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Custody rights of non-parents are limited in Massachusetts

A child is raised for years by his father and by the father’s girlfriend, who is not the child’s mother but who acts in every way as his mother. When the couple split up, who should get custody?

Now assume that the father is a “good enough” parent, but the girlfriend is a better parent and the child would be much better off with the girlfriend. Who should get custody?

The father should still get custody, even in that situation, says the Massachusetts high court.

Unless a biological parent is truly unfit to raise a child, the biological parent is always entitled to custody even if the other person would be a “better” parent, the court said.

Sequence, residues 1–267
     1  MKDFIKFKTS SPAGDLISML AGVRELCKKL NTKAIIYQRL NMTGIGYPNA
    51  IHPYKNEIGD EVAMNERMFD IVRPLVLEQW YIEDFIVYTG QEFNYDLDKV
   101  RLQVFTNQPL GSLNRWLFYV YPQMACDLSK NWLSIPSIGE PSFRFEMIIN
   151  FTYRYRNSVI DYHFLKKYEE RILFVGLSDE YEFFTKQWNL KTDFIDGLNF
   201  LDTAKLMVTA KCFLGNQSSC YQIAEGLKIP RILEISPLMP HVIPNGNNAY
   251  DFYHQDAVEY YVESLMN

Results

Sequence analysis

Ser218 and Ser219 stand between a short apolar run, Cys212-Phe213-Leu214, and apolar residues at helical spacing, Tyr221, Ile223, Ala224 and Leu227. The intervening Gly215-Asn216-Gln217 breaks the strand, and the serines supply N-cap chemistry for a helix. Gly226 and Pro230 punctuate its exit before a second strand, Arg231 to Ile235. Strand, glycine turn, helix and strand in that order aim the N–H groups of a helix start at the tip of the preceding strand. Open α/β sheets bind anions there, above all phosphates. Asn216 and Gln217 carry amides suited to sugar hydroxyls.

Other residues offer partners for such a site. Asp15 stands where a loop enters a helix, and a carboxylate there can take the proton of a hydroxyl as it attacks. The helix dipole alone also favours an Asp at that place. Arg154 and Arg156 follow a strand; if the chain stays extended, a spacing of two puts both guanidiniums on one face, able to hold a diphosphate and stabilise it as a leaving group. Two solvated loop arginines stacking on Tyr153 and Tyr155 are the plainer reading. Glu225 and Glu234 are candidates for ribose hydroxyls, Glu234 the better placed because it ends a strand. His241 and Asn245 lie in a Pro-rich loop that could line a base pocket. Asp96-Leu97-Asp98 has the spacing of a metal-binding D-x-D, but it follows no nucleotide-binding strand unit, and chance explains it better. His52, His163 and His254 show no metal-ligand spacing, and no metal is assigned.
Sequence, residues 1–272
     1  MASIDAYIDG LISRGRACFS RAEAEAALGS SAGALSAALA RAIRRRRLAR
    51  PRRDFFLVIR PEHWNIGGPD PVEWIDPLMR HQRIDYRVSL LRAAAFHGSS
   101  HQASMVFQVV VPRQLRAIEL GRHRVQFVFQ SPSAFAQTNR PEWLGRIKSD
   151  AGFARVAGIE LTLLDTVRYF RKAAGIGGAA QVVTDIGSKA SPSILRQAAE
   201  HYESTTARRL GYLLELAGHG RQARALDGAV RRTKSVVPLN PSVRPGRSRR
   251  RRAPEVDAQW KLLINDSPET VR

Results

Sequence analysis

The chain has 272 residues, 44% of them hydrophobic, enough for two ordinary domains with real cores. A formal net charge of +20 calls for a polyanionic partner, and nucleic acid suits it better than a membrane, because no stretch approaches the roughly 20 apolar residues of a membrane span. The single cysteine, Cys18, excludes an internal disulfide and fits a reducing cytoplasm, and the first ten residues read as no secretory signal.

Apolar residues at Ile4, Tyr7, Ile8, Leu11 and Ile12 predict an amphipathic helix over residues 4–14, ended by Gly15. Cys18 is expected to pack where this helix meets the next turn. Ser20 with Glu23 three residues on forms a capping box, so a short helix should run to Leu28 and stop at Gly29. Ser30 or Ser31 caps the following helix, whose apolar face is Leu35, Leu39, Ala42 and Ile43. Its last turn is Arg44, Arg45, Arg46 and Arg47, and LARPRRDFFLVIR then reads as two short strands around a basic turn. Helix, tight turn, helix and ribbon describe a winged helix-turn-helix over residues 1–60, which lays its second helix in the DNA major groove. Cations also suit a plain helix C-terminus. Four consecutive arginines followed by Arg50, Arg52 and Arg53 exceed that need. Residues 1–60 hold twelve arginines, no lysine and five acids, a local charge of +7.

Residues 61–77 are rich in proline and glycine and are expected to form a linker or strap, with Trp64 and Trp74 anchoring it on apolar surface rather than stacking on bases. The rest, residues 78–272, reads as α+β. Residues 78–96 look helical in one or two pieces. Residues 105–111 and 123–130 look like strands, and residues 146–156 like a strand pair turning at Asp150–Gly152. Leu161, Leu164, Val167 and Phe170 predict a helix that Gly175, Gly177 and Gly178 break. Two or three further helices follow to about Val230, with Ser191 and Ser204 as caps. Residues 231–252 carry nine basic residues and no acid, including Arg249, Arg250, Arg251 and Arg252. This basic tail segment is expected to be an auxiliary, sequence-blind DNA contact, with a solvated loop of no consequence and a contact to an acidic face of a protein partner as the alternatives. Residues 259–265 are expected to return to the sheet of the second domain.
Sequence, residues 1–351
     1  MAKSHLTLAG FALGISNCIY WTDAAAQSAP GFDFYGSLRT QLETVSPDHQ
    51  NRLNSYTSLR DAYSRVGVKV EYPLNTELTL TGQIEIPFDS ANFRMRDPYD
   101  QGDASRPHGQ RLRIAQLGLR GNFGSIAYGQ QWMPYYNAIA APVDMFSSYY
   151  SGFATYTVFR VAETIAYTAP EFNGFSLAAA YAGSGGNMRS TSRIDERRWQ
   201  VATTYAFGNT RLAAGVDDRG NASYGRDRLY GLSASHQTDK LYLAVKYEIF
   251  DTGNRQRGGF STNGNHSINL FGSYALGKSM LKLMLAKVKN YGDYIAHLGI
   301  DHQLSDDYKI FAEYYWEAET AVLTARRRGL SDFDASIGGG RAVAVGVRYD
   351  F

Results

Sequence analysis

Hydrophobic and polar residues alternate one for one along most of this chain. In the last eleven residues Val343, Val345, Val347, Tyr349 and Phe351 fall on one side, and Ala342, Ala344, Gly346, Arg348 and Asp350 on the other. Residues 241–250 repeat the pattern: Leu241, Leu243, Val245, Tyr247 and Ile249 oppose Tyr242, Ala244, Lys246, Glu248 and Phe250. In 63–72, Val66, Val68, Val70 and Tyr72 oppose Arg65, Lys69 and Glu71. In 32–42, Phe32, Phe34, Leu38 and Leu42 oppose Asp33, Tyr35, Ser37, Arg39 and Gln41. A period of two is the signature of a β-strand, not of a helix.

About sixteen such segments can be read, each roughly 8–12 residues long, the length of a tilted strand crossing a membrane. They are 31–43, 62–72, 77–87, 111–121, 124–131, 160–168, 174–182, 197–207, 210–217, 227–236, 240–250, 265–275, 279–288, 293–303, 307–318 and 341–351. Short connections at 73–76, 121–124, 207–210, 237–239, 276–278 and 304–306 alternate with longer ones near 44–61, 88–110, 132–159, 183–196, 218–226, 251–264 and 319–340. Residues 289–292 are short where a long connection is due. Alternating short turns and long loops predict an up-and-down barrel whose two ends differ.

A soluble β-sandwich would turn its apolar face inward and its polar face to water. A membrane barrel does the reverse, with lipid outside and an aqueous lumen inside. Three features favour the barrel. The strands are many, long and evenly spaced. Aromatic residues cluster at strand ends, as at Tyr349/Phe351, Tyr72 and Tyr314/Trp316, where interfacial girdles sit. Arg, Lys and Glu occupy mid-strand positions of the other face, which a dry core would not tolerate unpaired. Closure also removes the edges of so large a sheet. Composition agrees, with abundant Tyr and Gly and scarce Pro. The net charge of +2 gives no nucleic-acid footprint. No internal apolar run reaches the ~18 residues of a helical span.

The girlfriend had claimed that the child’s best interests should be the deciding factor, but the court said this wasn’t true, and being the biological parent is the trump card.

The case raises interesting questions for custody cases involving grandparents who care for their grandchildren, gay couples who raise children, and other situations.


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